As we tried to row again, the wind continued to push us aside, so we allowed ourselves to be pushed toward some trees, and then we stopped and pondered our options. My coworker decided to try getting out and pulling the canoe through the muck we were sitting in. Unfortunately, the muck was like quicksand, and we didn't get very far with this idea. You know when you're at the beach, burying your feet in the sand, and the tide washes over your feet? You know how it feels when the water gets down in the sand, and your feet get buried further? I imagine that's what it felt like. I didn't dare step out of that canoe; I was so terrified of what could be lurking in the muck. My coworker fell over in the muck, and we decided that pulling the boat wasn't an option.
We sat there, both silently scared, until we tried heading back out into open water again. When we got out as far as we could, we saw that our other canoeing buddies hadn't made it anywhere either. Relief crashed within me as I realized that we weren't alone. We all decided to pull over and dock our canoes in the muck until the breeze slowed considerably. At this point, it decided to rain. I sat there, life jacket firmly strapped to me (even though the canoe was stationary), legs and knees stiff as a board (canoes are not made for tall people), being rained on in the Everglades.
We all started to laugh uncontrollably.
We talked about being stranded, about how we should collect rain water so we'd have something to drink on day 35; I joked that it was ridiculous that my last meal might just be the ham sandwich I packed for lunch. One of our canoe buddies tried to step out of the canoe and her leg promptly sank about a foot in the muck, and we erupted into giggles. I snapped pictures of her muck-covered leg; of my coworker in the back of the canoe. We joked about Gilligan's Island, and about why the lady at the desk didn't question our experience before renting a canoe to us.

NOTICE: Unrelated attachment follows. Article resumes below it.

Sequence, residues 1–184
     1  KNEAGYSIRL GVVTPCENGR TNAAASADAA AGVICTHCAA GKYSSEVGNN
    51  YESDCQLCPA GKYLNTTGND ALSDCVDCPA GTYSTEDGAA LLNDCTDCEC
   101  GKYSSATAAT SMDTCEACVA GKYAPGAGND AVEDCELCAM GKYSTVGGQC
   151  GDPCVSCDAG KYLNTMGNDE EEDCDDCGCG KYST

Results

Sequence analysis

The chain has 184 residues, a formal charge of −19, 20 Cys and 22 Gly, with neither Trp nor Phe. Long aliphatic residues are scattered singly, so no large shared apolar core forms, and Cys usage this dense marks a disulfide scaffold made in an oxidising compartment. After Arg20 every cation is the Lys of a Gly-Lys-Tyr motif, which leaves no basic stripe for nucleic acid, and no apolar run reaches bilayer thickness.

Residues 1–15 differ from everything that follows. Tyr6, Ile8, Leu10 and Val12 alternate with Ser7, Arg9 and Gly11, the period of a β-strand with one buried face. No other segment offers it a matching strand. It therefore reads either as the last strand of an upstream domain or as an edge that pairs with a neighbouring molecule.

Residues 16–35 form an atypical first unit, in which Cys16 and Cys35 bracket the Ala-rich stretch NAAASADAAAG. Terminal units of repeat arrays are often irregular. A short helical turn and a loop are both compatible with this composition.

The laughs poured forth, because I think we all realized that we were only probably .3 miles away from where we started (and that number is probably 3 times reality), and because so many things were going wrong, that there wasn't much else to do but laugh.
At some point during our laughter session, the sun came back out, and the wind tapered off a bit. We decided to head out again, this time determined that we would make it back. My coworker and I got into a good stride, and made great progress across the waves, now shining a murky, minty green from the sunlight above.
We made it past the island of trees when the wind picked up again, though the sun remained out. The wind grew too strong for us to combat, and when it pushed us against a shoreline of muck that smelled like boiled eggs and poop, we decided that we had had enough. Right near a campground, we got out of the boat and tied it to a picnic table and decided we would walk the rest of the way back. It was at this time that my shoe broke (it was already on its way out, but the fact that it decided to break right then was hilarious to both of us), and a wave of people emerged from a path, on a nature hike.
The fact that we had gone from panic and fear of being lost at sea under a stormy sky to seeing 30 or so people emerge on a nature hike not far from where we thought we'd be lost forever was too much for us, and we laughed, and laughed, and laughed, as we all left our canoes anchored and walked back to the marina, to let them know that they would have to get the canoes for us; we'd had enough.
So, as I sit here today, with a neck that feels like I have whiplash and hands that ache like someone punched my palms repeatedly, I know I will always have a special bond with the Everglades, even though it wasn't quite the place I imagined it to be.
Not everyone can say that they were almost lost at sea and live to tell the tale.